Whatever it is that animals do conclude about their reflections, mirrors can sometimes lead to bizarre (and often amusing or unhelpful) behaviours. Many bird owners have noticed that their male birds are particularly enamoured with their reflections, often ‘mating’ with them and continually masturbating in front of mirrors around them. This ‘mate in the mirror’ can also stimulate females to lay eggs, which can be dangerous due to the depletion of calcium and thus brittle bones and health issues it can cause. Birds that bond in pairs, such as budgies, may bond with their reflection and snub their owners. Mice and other rodents tend to feed less around mirrors – indicating that mirrors may not be their ideal companions either.

 Reactions are diverse in dogs and cats. The first time they see a mirror can be particularly amusing, with the young animal trying to play with, run away from, or fight its reflection and generally ending up completely disorientated. In general, most dogs will eventually avoid or ignore their reflections, some do, however, continue to growl at their reflections for their whole lives.

Cats, though, often continue to be entertained by their reflections, performing and preening in front of mirrors, making it seem like they do learn to recognise themselves even after their initial failure to.

Despite providing enjoyment and comfort, mirrors alone are obviously not enough to keep most social animals happy. The most poignant example of this is a study of young monkeys that were raised with only mirrors for company. Not unexpectedly, the monkeys demonstrated an unhappy mix of autoeroticism, self-clasping, stereotypy and bizarre posturing – behaviours known as isolation syndrome. The same would also be true for isolated cats, dogs, birds and other pets. If you’ve got one, you know; they accept no substitute for the person that you see in the mirror.

Mirrors at the Terrace Suite with Inara Interiors

Here at Mirrorworld it isn’t unusual for us to get asked to provide really massive mirrors. And that’s just what one of our regular customers, Dawn Pirie of Inara Interiors asked us for when she was charged with the design of The Terrace Suite at the Sands Hotel in Margate.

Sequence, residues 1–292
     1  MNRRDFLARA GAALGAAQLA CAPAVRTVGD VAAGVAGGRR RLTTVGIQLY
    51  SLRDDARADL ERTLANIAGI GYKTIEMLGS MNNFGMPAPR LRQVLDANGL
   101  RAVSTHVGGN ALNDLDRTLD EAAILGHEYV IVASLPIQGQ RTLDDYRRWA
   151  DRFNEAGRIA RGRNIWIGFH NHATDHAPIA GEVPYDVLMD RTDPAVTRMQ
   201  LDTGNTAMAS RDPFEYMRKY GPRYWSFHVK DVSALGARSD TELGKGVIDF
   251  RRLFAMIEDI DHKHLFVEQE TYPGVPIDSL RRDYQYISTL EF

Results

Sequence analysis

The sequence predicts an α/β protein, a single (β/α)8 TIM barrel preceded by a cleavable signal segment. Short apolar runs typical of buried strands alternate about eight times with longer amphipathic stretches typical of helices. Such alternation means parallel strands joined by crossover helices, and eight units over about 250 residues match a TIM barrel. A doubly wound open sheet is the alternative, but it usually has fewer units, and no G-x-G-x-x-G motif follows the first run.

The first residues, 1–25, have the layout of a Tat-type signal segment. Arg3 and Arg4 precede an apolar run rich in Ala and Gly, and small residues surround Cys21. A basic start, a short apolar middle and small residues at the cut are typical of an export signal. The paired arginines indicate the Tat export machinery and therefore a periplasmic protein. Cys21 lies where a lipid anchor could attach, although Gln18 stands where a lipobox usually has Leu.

As we always endeavour to put as much love and craftsmanship into our mirrors as Inara Interiors put into their interior designs; when the two are put together, the results are immaculate – certainly worth shouting about.

Dawn ordered 3 bespoke mirrors for the project; 140cm x 280cm, using this frame  LC756 to create a grandly inspiring entry hall to the venue, perfectly reflecting the stunning chandeliers and creating a lighter and more spacious feeling entrance. Speaking about the project, Dawn told us;

“The Terrace Suite was built as a function room for the Sands Hotel Margate. The brief was to create a continuous flow from the hotel but making it functional and appealing for guests as a wedding venue and event space. The entrance was designed specifically with this in mind making it elegant and grand for a brides entrance. We had three large decorative mirrors made by Mirror World to reflect back the chandeliers and give the narrow entrance the illusion of space. I was given advice on the suitable sizes for the mirrors and even though our order was placed late our delivery deadline was still met.”

If you need mirrors of a similar size, don’t hesitate to get in touch with us, we’ll provide you with the perfect mirror in any size, to fit perfectly in any location and in any design.

And if you need some help with your design. Inara Interiors work on a bespoke basis, too. Catering their services precisely to your project’s need. If you want to employ Inara’s services on your project, contact Dawn here;

Dawn Pirie

Design Consultant

BA(hons) Interior Architecture

Diploma Professional Interior Design

Tel: 07970604377

Email: info@inara-interiors.co.uk

Web: www.inara-interiors.co.uk

Address: 14 Ashwindham Court, Woking, Surrey, GU21 8AW

 

Reality TV Star, Hayley Leitch talks about her new mirror from Mirrorworld

Reality TV Star Hayley Leitch from tv shows Move with Me and Obsessive Compulsive Cleaners has started her new You Tube Channel called Hayley’s Help.

In the video on the link below, Hayley talks about her lovely new mirror that she got from us for her hallway.